2. As the above discussion indicates, the question whether the discretionary function exception applies to a particular case is highly fact-specific and depends on the particulars of the statutory and regulatory scheme and the decision at issue. None of this Court's decisions or the decisions of other courts of appeals that petition ers cite creates a conflict with the Eleventh Circuit's fact-specific judgment in this case.

Contrary to petitioners' argument (Pet. 13 n.2, 24- 25), there is no general limitation upon the discretionary function exception for matters of safety. Several of the cases that petitioners cite acknowledge this explicitly. E.g., Whisnant v. United States, 400 F.3d, 1177, 1182 n.3 (9th Cir. 2005) (no liability when, e.g., "government offi cials must consider competing fire-fighter safety and public safety considerations in deciding how to fight a forest fire, * * * [or] balance prison safety and inmate privacy considerations in deciding how to search a pris oner's cell in response to a reported threat of violence"); Shansky v. United States, 164 F.3d 688, 693 (1st Cir. 1999) ("[T]here is no principled basis for superimposing a generalized 'safety exception' upon the discretionary function defense."); Ayala v. United States, 980 F.2d 1342, 1350 n.4 (10th Cir. 1992) (noting that safety stan dards "are themselves policy judgments concerning trade-offs between safety, effectiveness, and economy"). That is so because "safety" is often one competing policy consideration that an agency must weigh alongside oth ers or is a more complicated risk-benefit calculation that involves the competing interests of multiple parties.

In those cases in which a court has found the discre tionary function exception inapplicable to a safety-re lated decision, the court also has found that there was effectively no countervailing policy interest that could justify a failure properly or adequately to take the safety measure. See Whisnant, 400 F.3d at 1184 (find ing that decision not to remove mold from Navy commis sary did not involve "allocation of limited resources among competing safety-promoting tasks") (emphasis omitted); Cope, 45 F.3d at 451-452 (holding aesthetics not to be countervailing policy consideration when "Park Service has chosen to manage the road in a manner more amenable to commuting through nature than com muning with it"); Myers v. United States, 17 F.3d 890, 897-898 (6th Cir. 1994) (finding no balancing of policy choices implicated by claim that MSHA inspectors "should have found, but failed to find, the existence of certain safety violations") (emphasis omitted); Andru lonis v. United States, 952 F.2d 652, 655 (2d Cir. 1991) (finding "neither a regulatory framework nor a defined policy that could serve as the basis for infusing all deci sions of CDC employees with policy implications"); Cestonaro v. United States, 211 F.3d 749, 755-756 (3d Cir. 2000) (concluding that government could articulate no policy rationale for adding some safety measures but not others).6 In this case, by contrast, the competing policies at issue are indicated on the face of the relevant statutes and regulations. See pp. 10-11, supra.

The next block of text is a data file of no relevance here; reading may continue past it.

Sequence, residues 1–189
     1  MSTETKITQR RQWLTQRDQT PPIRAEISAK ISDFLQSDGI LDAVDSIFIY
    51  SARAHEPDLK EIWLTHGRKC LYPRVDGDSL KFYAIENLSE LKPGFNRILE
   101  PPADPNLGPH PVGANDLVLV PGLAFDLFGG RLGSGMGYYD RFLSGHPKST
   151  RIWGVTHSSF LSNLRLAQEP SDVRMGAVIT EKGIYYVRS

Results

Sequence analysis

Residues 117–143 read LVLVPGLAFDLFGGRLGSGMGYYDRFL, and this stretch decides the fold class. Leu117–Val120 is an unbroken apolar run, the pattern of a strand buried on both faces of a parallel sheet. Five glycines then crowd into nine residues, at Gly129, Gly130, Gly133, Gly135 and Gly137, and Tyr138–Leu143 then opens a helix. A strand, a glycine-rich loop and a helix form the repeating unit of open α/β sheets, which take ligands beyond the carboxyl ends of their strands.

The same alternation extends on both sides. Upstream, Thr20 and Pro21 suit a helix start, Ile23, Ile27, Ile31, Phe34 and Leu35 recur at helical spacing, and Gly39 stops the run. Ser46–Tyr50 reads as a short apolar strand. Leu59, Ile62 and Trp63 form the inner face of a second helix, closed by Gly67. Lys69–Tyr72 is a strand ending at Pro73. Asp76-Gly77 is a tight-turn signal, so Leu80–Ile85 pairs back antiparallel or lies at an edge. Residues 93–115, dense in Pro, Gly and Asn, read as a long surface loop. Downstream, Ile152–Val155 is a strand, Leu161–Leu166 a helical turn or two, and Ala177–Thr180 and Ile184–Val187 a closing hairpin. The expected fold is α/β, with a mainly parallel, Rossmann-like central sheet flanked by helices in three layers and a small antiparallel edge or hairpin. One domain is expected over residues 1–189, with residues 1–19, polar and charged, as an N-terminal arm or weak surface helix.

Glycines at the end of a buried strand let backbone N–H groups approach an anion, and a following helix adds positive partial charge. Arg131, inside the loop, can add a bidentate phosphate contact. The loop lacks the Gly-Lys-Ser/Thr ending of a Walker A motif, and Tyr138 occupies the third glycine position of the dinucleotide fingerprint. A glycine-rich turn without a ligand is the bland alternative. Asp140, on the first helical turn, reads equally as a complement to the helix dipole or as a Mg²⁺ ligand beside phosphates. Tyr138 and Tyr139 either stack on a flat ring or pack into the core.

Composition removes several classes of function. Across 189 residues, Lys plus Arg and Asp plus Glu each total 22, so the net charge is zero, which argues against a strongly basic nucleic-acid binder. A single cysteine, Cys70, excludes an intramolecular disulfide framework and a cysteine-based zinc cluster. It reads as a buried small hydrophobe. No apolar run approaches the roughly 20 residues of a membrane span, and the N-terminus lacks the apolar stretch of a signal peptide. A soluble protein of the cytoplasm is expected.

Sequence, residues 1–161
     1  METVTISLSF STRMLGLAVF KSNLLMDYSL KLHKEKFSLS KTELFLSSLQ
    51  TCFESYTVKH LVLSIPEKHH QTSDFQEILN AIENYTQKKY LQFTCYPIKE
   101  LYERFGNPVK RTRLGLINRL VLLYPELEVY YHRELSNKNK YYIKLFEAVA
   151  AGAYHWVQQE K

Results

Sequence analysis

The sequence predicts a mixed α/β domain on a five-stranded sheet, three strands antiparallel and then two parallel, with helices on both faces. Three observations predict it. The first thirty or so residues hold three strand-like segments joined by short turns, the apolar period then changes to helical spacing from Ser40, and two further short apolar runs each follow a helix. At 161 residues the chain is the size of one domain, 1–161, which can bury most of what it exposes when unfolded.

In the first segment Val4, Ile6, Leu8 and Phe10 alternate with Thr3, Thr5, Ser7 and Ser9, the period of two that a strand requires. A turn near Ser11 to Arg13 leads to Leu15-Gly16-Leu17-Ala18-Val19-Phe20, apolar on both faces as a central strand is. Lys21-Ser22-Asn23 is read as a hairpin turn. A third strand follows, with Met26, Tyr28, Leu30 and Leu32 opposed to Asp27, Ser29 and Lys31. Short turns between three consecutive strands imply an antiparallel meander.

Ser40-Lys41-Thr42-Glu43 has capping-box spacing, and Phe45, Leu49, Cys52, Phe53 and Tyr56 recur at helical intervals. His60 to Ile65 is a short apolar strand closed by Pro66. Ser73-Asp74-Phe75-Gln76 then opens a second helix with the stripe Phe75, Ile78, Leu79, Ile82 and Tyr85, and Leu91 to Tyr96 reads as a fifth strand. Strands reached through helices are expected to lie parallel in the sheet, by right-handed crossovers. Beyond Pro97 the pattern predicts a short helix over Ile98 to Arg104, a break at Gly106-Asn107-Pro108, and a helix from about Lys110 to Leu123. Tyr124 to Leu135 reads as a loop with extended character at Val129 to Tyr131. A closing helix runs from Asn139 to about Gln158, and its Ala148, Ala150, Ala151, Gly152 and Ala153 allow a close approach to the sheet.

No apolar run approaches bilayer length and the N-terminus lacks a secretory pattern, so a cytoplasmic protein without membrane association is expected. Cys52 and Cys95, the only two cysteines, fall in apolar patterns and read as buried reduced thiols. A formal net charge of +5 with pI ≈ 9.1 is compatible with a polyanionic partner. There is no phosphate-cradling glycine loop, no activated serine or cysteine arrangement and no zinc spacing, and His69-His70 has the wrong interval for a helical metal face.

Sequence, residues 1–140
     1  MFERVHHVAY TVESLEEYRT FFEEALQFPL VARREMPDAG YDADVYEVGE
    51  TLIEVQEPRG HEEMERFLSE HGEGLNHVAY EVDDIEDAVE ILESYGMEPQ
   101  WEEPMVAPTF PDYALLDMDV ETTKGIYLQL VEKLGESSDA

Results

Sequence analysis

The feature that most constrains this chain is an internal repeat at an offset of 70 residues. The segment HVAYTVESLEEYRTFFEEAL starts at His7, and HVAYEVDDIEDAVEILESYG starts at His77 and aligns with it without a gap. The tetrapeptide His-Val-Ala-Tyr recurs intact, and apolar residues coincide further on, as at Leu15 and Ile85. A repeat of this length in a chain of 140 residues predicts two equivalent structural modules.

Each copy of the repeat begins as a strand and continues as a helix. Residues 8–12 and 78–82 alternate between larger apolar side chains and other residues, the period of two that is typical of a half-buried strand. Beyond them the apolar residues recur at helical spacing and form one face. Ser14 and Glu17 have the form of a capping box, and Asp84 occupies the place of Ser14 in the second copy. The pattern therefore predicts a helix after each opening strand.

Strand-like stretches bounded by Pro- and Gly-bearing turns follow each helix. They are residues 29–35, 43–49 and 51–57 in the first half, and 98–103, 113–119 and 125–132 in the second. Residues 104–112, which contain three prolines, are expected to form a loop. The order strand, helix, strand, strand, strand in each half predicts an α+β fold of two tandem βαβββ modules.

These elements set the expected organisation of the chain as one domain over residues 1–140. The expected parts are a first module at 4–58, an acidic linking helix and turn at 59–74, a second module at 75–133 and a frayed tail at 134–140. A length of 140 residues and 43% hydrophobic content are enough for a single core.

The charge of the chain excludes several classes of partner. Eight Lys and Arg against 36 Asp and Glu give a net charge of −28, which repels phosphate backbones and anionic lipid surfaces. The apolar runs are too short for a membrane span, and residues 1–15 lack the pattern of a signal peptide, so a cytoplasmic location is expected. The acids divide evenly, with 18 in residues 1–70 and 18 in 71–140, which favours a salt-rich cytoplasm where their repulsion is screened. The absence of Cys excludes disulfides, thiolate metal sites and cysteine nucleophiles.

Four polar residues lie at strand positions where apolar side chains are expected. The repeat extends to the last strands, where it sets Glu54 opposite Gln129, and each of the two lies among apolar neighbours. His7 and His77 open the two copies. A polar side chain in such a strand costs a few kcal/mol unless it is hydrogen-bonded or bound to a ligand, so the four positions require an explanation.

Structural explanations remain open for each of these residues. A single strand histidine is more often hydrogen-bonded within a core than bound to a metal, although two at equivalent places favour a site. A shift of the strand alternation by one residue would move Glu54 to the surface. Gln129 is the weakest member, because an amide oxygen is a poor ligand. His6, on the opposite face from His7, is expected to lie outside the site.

It is certainly relevant whether the government deci sion reflects the application of "technical safety assess ments" or "objective professional standards." Pet. 8; see, e.g., Berkovitz, 486 U.S. at 544-545; Ayala, 980 F.2d at 1349 (finding mine safety inspector's "technical assis tance" concerning "where to connect * * * lights" on automatic mining machine "was governed solely by tech nical considerations"). Petitioners' assertion (Pet. 8-9) that the presence or absence of such considerations con trols the analysis, however, is incorrect. In petitioners' view, decisions about maritime safety warnings would never be discretionary because they would always turn on the mere application of technical judgment. But in other failure-to-warn cases, the courts of appeals have not adopted that categorical approach, and have instead employed a case-by-case approach under which the re sults vary, even within the same circuit, depending on the particular circumstances of each case. Compare, e.g., Cope, 45 F.3d at 451-452 (finding that where 23 traf fic warning signs were already posted, failure to warn of slippery road conditions was not policy-based), with Loughlin v. United States, 393 F.3d 155, 165-166 (D.C. Cir. 2004) (finding that failure to warn about buried mu nitions and chemicals required balancing, inter alia, safety and national security concerns). See generally Soldano v. United States, 453 F.3d 1140, 1146-1147 (9th Cir. 2006) (describing varied holdings in Ninth Circuit failure-to-warn cases). Like those courts, the court of appeals in this case eschewed a categorical approach and made a fact-specific determination about the nature of the policy decision whether and how to mark a maritime obstruction. In so doing, the court did not create any conflict among the circuits, and its fact-bound conclusion does not warrant further review.7

CONCLUSION

The petition for a writ of certiorari should be denied.